The shifting relationship with your workforce.

Matthew Knight
4 min readSep 21, 2022


Photo by Jacek Dylag on Unsplash

Whilst it wasn’t COVID that started the fire, it certainly poured a whole load of fuel on to companies relationships with their people. The great resignation, quiet quitting, quiet firing, failing productivity, dire states of employee engagement, companies struggling to hire, retain or encourage people to even turn up to work are all symptoms of a significant shift in how people see their relationship to work and to their employers.

The power-dynamic is tipping. Away from a relationship where we have ‘bosses’ who tell people what to do, when and how, to one of mutual respect, more autonomy and working cultures which aim to support people doing their best work.

It’s a good shift — from the ‘repeatable units of human resource’ of the industrial revolution driven by factory models, to a world where we recognise that people are an essential and valuable part of the system, and taking care of people leads to better work, better productivity, better profits. And the smartest businesses are recognising the value of investing in supporting their people, not least 5:1 ROI on things like mental health, for example.

But it’s not just engagement which is shifting — we’re about to see a step away from the notions of ownership of employees. A step away from the idea that you have to have people on-staff who are exclusively committed to your business, the idea that you have finite resources you can call upon at any time, ready and waiting to do the work needed to be done (and indeed the obligation it creates upon you generating the work for those people to do).

A step away from owned employees towards fluid talent.

Fluid talent is when you no longer have a finite number of employees, but rather access to an infinite number of people from across a mix of people who are closer and deeply connected to your business such as employees; independent associates who work with your business on a regular basis who you’ve built trusted relationships with that know your way or working; and on-demand talent for discrete and specialists tasks that happen irregularly.

The simplest analogue is the difference between purchasing a ticket to fly to another country for your holiday, rather than buying and owning the plane and pilot. You still need to ensure you are flying with a reputable company, that the pilots are well trained and know how to get you where you’re going. You’ve got a range of choices from Ryanair to Emirates. But you aren’t saddled with the overheads of an Airbus sat on the tarmac, worrying about how to fill the flight each day, when all you really needed was to get to your destination on time.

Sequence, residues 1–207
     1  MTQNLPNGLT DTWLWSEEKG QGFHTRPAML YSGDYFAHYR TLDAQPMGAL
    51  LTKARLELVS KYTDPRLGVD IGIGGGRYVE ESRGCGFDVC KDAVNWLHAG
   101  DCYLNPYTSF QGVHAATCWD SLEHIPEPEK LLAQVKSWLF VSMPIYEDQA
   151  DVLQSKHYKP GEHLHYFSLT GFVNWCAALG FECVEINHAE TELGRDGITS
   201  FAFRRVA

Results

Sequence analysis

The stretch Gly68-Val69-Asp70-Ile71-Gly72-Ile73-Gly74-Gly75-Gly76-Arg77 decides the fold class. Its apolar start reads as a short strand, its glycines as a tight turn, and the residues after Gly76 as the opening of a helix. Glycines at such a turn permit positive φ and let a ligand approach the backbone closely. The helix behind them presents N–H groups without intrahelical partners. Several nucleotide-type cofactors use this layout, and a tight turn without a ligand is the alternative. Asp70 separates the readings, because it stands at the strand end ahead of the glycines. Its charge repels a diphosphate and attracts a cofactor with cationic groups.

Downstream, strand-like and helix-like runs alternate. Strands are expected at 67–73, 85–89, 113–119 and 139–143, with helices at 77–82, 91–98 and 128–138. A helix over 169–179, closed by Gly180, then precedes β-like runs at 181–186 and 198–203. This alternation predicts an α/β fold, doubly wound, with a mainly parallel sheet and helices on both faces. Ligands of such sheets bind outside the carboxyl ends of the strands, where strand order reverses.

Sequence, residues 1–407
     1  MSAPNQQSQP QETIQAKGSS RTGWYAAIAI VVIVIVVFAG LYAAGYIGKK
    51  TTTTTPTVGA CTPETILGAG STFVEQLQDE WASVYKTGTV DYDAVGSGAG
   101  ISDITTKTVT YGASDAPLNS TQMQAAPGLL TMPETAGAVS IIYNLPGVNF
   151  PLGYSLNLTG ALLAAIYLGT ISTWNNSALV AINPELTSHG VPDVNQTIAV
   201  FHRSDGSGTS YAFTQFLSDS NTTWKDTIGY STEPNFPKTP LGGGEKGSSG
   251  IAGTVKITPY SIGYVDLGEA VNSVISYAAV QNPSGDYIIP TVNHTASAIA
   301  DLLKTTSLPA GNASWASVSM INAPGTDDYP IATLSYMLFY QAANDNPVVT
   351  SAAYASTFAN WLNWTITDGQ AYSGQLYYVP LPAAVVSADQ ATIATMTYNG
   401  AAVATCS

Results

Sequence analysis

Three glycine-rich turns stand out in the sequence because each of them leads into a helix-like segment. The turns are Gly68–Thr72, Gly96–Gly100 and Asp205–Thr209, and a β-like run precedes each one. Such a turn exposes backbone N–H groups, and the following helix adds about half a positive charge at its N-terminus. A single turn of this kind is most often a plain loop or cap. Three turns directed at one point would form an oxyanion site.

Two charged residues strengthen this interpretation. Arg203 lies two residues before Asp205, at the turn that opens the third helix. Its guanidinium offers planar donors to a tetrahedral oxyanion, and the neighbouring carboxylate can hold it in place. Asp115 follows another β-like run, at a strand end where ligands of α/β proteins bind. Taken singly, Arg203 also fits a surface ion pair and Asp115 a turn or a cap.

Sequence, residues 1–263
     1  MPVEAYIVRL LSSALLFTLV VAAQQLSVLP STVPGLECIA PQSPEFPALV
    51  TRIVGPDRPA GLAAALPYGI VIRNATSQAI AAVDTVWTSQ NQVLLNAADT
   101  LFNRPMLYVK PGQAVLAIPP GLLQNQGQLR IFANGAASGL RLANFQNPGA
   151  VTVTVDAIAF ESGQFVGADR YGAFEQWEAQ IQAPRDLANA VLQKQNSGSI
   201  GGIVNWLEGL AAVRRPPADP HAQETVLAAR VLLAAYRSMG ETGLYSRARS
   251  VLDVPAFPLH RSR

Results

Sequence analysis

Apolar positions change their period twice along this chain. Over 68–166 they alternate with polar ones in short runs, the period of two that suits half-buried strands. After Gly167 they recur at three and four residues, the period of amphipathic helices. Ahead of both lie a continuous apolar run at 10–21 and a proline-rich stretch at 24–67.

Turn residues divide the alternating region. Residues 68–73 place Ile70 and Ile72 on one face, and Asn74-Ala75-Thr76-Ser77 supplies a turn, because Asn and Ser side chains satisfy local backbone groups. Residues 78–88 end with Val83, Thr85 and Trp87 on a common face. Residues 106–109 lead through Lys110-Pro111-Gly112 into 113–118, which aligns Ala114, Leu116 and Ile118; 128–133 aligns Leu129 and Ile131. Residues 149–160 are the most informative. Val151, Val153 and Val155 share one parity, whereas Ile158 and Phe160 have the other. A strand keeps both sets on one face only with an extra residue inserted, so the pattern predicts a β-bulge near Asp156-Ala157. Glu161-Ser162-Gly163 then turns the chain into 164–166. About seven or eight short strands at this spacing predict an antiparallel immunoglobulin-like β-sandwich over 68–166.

But it offers so much more than just travelling from A to B. To stretch the metaphor further, it’s about being able to travel to any possible country, by exploring the wealth of different airlines and routes.

Imagine having an infinite pool of deep experience and specialisms to call upon to do the best possible job, rather than only the people you have available.

Imagine being able to draft in a domain specialist to add deep insight and knowledge to kickstart a project. You don’t need them on-staff all year round, but a short burst of intense focus to get moving quickly.

Imagine being able to collaborate with the leading voice in a new category or behaviour, so you can write a proposal with confidence.

Imagine being able to spend time with someone with lived experience who acts as a voice of the customer to inform and lead product design.

Imagine trialling a new position in your team without the risk of a long-term investment into a capability you’ve never managed before.

Imagine having the wisdom of a veteran CSO or CMO for a day a month.

It’s not as simple as a little black book of freelancers who you call upon when needed, but rather a strategic approach to how teams are built, how objectives are reached, how projects are designed, and what opportunities your business is able to go after.

Fluid talent requires a change in mindset and a change in processes, it’s not something you can implement overnight, and you need to continue to develop reasons why people would want to work with you — but the reasons to work with you will be relationship based and mutual value, not just ping pong tables and free lunches.

Fluid talent is far from the end of employment — a consistent core will always be required, but it will be a revolutionary shift away from “talent acquisition” and “talent retention” towards more dynamic capability and relationship building, and away from ‘employees’ and towards networks and communities that require new skillsets, approaches, mindsets and roles to build, engage and manage.



Matthew Knight

Chief Freelance Officer. Strategist. Supporting the mental health of the self-employed. Building teams which work better.